tvReview: Gritty, engaging and well-acted - it’s a wonder France’s biggest TV export isn’t broadcast on a more mainstream channel
Arts and Entertainment
music
Arts and Entertainment
Laura Carmichael in still from Madam Bovary trailer
film
News
i100
Sport
Serena Williams holds the Australian Open title
sportAustralia Open 2015 final report
Latest stories from i100
Have you tried new the Independent Digital Edition apps?
iJobs Job Widget
iJobs Student

Ashdown Group: Trainee / Graduate Helpdesk Analyst

£20000 per annum: Ashdown Group: A highly reputable business is looking to rec...

Ashdown Group: Graduate Data Analyst - Essex - £25,000

£23500 - £25000 per annum + Training: Ashdown Group: Graduate Data analyst/Sys...

Recruitment Genius: Graduate Account Manager

£16000 - £30000 per annum: Recruitment Genius: A Graduate Account Manager is r...

Guru Careers: Graduate Account Manager / Sales Executive

£18k + Uncapped Commission (£60k Y1 OTE): Guru Careers: A Graduate Account Man...

Day In a Page

As in 1942, Germany must show restraint over Greece

As in 1942, Germany must show restraint over Greece

Mussolini tried to warn his ally of the danger of bringing the country to its knees. So should we, says Patrick Cockburn
Britain's widening poverty gap should be causing outrage at the start of the election campaign

The short stroll that should be our walk of shame

Courting the global elite has failed to benefit Britain, as the vast disparity in wealth on display in the capital shows
Homeless Veterans appeal: The rise of the working poor: when having a job cannot prevent poverty

Homeless Veterans appeal

The rise of the working poor: when having a job cannot prevent poverty
Prince Charles the saviour of the nation? A new book highlights concerns about how political he will be when he eventually becomes king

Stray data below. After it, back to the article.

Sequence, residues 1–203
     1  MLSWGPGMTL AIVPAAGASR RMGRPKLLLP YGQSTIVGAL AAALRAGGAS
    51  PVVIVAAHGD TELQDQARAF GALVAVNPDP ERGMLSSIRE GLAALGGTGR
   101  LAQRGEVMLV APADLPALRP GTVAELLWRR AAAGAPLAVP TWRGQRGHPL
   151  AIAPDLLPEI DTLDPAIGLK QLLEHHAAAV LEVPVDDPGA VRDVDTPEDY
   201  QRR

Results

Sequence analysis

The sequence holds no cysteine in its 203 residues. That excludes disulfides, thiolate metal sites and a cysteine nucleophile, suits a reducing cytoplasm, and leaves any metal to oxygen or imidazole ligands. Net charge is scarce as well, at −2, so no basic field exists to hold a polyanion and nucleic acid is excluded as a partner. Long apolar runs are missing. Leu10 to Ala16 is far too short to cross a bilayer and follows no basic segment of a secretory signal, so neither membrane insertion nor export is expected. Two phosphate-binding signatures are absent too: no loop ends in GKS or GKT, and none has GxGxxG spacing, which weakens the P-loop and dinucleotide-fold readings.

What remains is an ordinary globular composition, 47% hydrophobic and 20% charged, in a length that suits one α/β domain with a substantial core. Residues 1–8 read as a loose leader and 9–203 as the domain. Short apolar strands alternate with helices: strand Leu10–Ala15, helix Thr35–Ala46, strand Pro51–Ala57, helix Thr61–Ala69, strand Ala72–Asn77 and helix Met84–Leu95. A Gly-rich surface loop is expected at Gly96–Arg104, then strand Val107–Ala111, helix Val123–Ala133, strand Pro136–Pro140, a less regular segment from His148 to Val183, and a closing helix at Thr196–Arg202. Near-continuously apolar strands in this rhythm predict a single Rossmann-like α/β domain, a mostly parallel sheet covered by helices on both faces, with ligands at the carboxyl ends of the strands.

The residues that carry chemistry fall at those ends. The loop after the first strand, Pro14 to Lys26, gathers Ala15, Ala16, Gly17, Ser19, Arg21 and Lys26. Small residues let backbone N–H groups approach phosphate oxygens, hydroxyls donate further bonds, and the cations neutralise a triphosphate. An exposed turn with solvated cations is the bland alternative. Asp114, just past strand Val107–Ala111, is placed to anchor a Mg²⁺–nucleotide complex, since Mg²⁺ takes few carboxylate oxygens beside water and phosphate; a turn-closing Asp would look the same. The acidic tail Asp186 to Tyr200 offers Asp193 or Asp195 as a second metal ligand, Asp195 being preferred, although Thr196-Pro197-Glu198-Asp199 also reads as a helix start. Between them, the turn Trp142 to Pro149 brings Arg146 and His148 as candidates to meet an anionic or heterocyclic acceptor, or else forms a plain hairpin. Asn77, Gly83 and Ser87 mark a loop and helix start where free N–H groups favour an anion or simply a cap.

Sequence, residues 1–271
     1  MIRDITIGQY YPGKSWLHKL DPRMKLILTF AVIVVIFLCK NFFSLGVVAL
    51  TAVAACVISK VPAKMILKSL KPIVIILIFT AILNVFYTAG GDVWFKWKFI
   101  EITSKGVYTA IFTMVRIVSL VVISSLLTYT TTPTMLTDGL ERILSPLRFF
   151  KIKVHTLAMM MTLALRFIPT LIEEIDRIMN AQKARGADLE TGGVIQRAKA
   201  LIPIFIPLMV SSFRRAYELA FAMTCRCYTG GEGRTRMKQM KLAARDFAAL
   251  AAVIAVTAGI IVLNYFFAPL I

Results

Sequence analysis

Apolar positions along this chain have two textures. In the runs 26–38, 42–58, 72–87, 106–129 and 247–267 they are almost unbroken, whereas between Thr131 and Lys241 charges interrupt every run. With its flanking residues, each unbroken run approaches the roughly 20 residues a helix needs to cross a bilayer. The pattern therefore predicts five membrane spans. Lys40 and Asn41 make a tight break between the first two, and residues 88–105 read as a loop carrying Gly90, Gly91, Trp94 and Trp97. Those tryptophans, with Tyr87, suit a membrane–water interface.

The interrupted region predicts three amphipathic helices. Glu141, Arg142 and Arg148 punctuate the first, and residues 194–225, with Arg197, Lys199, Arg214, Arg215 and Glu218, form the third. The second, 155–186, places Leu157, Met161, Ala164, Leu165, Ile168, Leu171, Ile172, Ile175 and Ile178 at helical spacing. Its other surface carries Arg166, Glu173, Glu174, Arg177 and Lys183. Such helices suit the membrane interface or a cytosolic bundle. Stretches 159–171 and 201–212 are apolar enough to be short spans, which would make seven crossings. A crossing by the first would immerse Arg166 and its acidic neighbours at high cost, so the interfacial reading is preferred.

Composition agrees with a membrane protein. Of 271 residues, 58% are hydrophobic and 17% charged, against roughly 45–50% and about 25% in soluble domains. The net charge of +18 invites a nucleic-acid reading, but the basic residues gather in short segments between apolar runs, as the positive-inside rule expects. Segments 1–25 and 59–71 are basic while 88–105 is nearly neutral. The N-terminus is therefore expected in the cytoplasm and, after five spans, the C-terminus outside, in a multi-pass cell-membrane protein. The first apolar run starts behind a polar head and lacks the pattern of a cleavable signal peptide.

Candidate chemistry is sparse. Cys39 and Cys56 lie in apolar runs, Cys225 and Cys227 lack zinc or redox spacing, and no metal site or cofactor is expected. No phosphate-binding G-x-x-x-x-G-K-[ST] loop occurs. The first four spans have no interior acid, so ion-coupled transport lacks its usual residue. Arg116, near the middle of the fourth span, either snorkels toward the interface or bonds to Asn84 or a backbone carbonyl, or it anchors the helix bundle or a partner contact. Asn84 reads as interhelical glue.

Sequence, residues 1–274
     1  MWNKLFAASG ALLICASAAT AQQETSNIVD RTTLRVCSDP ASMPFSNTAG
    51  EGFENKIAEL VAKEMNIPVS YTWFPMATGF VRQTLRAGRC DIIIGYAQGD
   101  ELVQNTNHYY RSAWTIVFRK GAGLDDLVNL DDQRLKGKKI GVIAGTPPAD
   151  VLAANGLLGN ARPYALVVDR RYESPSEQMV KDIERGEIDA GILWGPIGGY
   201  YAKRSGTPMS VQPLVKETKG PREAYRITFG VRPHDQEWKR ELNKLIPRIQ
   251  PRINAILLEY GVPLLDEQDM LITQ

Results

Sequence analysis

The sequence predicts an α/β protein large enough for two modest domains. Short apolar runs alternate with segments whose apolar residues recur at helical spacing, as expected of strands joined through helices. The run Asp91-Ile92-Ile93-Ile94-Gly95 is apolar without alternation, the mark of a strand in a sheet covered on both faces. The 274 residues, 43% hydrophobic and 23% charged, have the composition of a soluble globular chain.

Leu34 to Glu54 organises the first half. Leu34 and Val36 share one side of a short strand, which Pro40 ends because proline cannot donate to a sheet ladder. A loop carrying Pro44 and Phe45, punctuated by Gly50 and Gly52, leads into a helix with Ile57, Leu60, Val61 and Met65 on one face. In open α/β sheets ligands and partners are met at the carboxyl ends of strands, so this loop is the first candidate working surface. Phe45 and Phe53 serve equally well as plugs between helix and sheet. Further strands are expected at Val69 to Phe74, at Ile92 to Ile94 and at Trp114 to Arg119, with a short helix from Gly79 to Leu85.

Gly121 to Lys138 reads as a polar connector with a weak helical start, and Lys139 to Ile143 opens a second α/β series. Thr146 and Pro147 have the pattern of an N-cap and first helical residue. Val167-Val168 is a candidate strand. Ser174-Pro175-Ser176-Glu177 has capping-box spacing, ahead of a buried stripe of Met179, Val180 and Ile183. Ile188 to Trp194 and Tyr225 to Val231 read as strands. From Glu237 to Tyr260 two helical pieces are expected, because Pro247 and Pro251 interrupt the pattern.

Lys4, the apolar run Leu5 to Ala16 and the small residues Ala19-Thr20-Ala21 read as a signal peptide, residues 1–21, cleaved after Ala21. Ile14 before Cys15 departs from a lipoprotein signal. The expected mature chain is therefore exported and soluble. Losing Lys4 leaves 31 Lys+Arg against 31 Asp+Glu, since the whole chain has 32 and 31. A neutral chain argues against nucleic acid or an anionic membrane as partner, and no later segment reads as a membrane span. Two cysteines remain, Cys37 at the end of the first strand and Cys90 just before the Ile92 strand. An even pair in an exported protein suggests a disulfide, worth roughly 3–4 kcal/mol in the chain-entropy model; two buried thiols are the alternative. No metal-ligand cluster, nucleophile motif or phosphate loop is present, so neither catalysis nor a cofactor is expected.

Prince Charles the saviour of the nation?

A new book highlights concerns about how political he will be when he eventually becomes king
How books can defeat Isis: Patrick Cockburn was able to update his agenda-setting 'The Rise of Islamic State' while under attack in Baghdad

How books can defeat Isis

Patrick Cockburn was able to update his agenda-setting 'The Rise of Islamic State' while under attack in Baghdad
Judith Hackitt: The myths of elf 'n' safety

Judith Hackitt: The myths of elf 'n' safety

She may be in charge of minimising our risks of injury, but the chair of the Health and Safety Executive still wants children to be able to hurt themselves
The open loathing between Barack Obama and Benjamin Netanyahu just got worse

The open loathing between Obama and Netanyahu just got worse

The Israeli PM's relationship with the Obama has always been chilly, but going over the President's head on Iran will do him no favours, says Rupert Cornwell
French chefs get 'le huff' as nation slips down global cuisine rankings

French chefs get 'le huff' as nation slips down global cuisine rankings

Fury at British best restaurants survey sees French magazine produce a rival list
Star choreographer Matthew Bourne gives young carers a chance to perform at Sadler's Wells

Young carers to make dance debut

What happened when superstar choreographer Matthew Bourne encouraged 27 teenage carers to think about themselves for once?
Design Council's 70th anniversary: Four of the most intriguing prototypes from Ones to Watch

Design Council's 70th anniversary

Four of the most intriguing prototypes from Ones to Watch
Art should not be a slave to the ideas driving it

Art should not be a slave to the ideas driving it

Critics of Tom Stoppard's new play seem to agree that cerebral can never trump character, says DJ Taylor
Bill Granger recipes: Our chef's winter salads will make you feel energised through February

Bill Granger's winter salads

Salads aren't just a bit on the side, says our chef - their crunch, colour and natural goodness are perfect for a midwinter pick-me-up
England vs Wales: Cool head George Ford ready to put out dragon fire

George Ford: Cool head ready to put out dragon fire

No 10’s calmness under pressure will be key for England in Cardiff
Michael Calvin: Time for Old Firm to put aside bigotry and forge new links

Michael Calvin's Last Word

Time for Old Firm to put aside bigotry and forge new links